Market Recap – 09/09/2018
Reading time: 2 minutes
As September kicks off, we are dealing with the same debates and challenges facing the markets as when summer started. Looking at US, it is becoming more popular the “bearish idea” in which EPS is slowing, margins are contracting, higher rates are dampening growth, emerging markets difficulties will affect developed countries and trade war will have an impact on corporate profits. This view has practically become consensus and many argue that this could inevitably lead to the US markets rolling over.
It is also true that global markets have seen multiple contraction already and many investors think that they are discounting many challenges, especially in the US. The economic environment still seems favourable with corporate revenues showing strenght (with double digit growth in the US), positive EPS revisions and an incremental corporate activity with M&A and buybacks.
The debate between the negative and the positive view is still alive and we had a proof of that on Friday, when we had good NFP (Non Farm Payroll) numbers and negative headlines hitting the tape on trade and tariffs.
In the US last week was very busy and negative, especially for the NDX down more tran 3%. It is also important to highlight that this week was a really bad one for momentum strategies which suffered a sector rotation from growth to value companies.
The S&P is only down 1% on the week because Tech was the biggest drag on the index’s performance like in Europe. It is worth to highlight the very negative performance of internet/social stocks with FB down 8%, Snapchat down 8% and Twitter down 13%. On the other hand Staples and Industrial have been the biggest positive contributors. This is a clear evidence of the sector rotation from growth/tech stocks to more defensive/late-cycle stocks. Also semiconductors suffered a negative week with Micron down 14%, LAM research down 8% and Applied Materials down 7%.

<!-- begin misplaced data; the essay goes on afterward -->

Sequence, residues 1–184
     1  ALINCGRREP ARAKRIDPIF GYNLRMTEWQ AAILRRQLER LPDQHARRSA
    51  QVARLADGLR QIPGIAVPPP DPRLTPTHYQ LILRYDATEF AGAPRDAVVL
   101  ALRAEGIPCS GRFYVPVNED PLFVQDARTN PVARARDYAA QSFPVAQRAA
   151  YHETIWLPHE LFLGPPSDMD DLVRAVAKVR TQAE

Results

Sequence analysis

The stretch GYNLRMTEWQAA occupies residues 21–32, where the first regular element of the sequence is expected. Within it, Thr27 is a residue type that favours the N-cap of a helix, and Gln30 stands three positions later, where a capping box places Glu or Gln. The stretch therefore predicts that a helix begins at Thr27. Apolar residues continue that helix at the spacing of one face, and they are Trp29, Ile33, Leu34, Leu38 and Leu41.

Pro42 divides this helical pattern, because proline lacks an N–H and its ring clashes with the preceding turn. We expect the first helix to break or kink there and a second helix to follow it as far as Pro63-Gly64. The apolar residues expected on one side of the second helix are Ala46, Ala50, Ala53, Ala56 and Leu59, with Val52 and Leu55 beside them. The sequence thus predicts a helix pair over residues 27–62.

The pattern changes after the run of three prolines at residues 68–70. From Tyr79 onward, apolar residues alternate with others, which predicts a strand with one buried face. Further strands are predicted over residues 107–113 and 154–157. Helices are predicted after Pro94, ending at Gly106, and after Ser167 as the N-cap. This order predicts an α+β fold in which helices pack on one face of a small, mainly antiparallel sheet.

Andrew Sheets, Equity Strategist at Morgan Stanley, suggests Europe as the best region where to stay invested. Infact what makes Europe so interesting is that Macro data are in good shape, earnings are growing at an interesting pace (expect 8/10% growth) and broad valuations are still resonable.
Looking at Global Markets the most evident risk comes from Emerging Markets, especially in the Latin-America region, given the highly uncertain Brazilian elections. Looking to Asia, fears come from trade tensions, especially after Trump announced another $267 billion in tariffs on China in additional to the previous $200 billion.